Some restaurant kitchen appliances use solid fuel such as mesquite, charcoal and hardwood to cook and heat food. It adds another dimension to restaurant offerings – from pizzas to smoked meat – and also for a wider array of flavor and cooking capabilities. Although solid fuels can be highly combustible and increase the potential for safety risks, restaurant owners can safely use most solid fuel appliances with the right amount of understanding and preparation.

Fire Risks

While cooking of any type has inherent risks, solid fuel appliances dial up the threat with the addition of highly combustible materials and large amounts of heat, grease and flammable debris, especially when cooking meat. If ductwork isn’t properly installed or maintained, grease accumulation will make for a dangerous environment. Additionally, many restaurants don’t fully extinguish the fires in solid fuel appliances, even through the night after the restaurant is closed. Leaving a fire in the appliance while unattended overnight dramatically increases the risk for businesses.

Health Risks

In addition to the threat of fire, solid fuel appliances create the potential for increased carbon monoxide levels within the restaurant. To reduce this risk, restaurants typically bring in make-up or replacement air into the building’s ventilation system from the outside. If ventilation systems are not properly installed and balanced with the existing ventilation system, employees and customers could face serious health dangers.

How Can Restaurants Manage the Dangers of Solid Fuel?

To keep your employees, customers and business safe, the biggest areas to address include ventilation and cleaning, proper fire protection systems, safe storage and ignition practices, and adequate staff training.

  • Ventilation guidelines for solid fuel cooking are addressed by NFPA 96-14. While NFPA is a consensus standard, and not a “force of law,” it forms the basis for many local building codes, life safety codes and insurance company underwriting guidelines. According to the guidelines, solid fuel cooking operations should use a spark arrestor hood filter, which is designed to stop embers, flames and sparks from infiltrating the hood exhaust ductwork where they could ignite. Additionally, exhaust for solid fuel should be separate from all other appliances, the combustion chamber should be inspected weekly for residue, and the exhaust system for solid fuel cooking should be inspected and cleaned monthly.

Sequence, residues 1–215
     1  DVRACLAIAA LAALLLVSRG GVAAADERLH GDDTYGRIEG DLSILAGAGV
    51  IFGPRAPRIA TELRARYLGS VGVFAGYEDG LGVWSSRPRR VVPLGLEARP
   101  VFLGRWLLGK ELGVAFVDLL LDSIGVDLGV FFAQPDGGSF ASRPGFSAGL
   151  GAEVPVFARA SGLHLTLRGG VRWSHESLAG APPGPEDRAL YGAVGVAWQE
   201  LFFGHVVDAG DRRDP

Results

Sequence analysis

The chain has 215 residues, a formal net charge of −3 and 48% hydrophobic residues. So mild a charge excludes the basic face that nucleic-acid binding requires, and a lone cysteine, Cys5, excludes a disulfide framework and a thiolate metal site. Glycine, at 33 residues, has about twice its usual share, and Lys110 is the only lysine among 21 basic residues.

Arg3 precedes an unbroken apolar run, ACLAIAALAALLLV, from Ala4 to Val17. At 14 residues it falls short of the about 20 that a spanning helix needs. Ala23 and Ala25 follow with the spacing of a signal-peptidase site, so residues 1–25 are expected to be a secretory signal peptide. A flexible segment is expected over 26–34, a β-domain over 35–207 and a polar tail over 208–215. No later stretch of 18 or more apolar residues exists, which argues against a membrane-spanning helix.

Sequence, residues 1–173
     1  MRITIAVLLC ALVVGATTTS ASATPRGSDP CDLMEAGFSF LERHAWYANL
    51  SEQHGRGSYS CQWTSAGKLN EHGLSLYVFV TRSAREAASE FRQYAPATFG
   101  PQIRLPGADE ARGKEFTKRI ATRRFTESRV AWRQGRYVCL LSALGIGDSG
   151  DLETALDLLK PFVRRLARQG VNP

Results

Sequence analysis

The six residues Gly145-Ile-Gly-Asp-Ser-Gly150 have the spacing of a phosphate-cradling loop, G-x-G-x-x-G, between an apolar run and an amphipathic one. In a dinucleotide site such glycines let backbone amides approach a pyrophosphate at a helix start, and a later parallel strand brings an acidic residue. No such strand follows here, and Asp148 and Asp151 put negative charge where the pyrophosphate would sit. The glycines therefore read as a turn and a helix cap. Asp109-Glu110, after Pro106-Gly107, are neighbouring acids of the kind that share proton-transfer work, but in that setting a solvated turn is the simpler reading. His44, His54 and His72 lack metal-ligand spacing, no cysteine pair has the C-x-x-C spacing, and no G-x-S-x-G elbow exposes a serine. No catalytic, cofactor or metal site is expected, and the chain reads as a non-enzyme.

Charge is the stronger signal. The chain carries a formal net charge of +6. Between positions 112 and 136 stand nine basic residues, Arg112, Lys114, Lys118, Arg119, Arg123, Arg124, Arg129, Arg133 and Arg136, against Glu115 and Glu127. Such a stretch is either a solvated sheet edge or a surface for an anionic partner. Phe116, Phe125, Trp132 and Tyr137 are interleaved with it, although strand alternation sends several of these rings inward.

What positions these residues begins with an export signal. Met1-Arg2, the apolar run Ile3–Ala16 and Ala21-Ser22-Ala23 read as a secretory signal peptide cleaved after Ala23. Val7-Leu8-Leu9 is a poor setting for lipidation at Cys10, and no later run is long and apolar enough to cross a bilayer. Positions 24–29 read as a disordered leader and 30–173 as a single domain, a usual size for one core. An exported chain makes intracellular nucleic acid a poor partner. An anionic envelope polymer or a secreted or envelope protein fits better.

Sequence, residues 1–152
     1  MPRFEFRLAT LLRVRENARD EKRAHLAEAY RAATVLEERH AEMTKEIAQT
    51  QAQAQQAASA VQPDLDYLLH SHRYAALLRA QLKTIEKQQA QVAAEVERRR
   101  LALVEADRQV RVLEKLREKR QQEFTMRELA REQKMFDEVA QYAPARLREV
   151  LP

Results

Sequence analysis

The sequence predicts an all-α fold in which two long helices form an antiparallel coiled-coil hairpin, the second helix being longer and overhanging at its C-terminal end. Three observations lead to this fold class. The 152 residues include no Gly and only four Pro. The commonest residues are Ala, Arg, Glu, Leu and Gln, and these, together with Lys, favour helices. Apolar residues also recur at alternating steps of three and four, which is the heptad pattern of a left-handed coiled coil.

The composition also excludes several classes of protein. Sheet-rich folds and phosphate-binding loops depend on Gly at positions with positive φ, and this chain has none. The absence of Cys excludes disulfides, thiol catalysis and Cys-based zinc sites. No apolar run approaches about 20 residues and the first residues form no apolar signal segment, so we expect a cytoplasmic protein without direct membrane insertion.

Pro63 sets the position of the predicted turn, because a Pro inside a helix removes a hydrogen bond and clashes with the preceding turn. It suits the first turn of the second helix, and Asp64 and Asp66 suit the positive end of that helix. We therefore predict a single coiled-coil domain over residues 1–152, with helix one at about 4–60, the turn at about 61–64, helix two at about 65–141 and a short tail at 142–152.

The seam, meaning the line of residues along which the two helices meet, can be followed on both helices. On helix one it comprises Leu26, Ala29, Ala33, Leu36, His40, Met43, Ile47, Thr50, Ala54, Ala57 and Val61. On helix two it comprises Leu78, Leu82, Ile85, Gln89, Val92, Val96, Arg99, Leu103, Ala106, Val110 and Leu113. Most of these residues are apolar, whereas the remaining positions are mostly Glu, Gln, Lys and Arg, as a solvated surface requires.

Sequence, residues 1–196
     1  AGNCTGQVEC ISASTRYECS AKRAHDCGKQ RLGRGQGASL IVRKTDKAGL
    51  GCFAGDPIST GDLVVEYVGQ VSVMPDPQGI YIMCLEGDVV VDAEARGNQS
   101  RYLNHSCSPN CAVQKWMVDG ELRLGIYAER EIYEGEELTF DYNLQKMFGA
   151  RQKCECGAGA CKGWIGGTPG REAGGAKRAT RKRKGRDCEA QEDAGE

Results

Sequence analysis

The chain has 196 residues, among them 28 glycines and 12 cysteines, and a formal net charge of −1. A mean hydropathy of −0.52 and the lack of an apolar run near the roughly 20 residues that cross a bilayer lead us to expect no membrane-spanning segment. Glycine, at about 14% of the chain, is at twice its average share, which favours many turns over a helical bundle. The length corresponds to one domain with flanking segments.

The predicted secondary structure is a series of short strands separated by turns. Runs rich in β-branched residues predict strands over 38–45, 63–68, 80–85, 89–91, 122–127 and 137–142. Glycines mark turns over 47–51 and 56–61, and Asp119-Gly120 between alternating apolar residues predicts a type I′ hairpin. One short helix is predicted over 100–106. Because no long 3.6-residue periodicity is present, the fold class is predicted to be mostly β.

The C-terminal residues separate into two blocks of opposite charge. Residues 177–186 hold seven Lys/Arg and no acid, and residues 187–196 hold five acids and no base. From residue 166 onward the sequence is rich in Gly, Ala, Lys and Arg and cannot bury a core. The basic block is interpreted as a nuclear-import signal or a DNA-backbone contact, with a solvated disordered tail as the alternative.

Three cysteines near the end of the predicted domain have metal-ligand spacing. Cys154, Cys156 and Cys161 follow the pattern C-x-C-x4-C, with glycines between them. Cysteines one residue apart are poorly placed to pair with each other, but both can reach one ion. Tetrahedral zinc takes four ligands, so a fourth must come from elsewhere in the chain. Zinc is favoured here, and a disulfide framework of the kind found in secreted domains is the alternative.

• Solid fuel cooking appliances should be protected by a fire extinguishing system or water hose. Keep a Class K or 2-A rated water spray fire extinguisher within 20 feet of solid fuel cooking appliances. Additionally, stored fuel should have a dedicated sprinkler system.
  • Never store fuel above any heat-producing device or closer than three feet to a solid fuel appliance constructed of metal, or to any appliance that could ignite the fuel. Stored fuel should be protected by a sprinkler system or a water pipe system with a hose capable of reaching all areas. Additionally, do not use flammable liquids to ignite any solid fuel cooking appliance. Ignite fuel with matches, an approved built-in gas flame or other approved ignition source.
  • Safe practices are literally in employees’ hands, and proper training is key to fire prevention. Employees should be trained on proper handling and use of fire extinguishing systems, as well as on proper removal of ashes from char-broilers, conveyor ovens, wood-fired ovens and barbecue grills that use wood or charcoal.

By understanding the unique risks associated with solid fuel appliances, restaurant owners can better mitigate these hazards. While difficult to completely eliminate health and fire threats, proper preparation will go a long way toward minimizing these risks.

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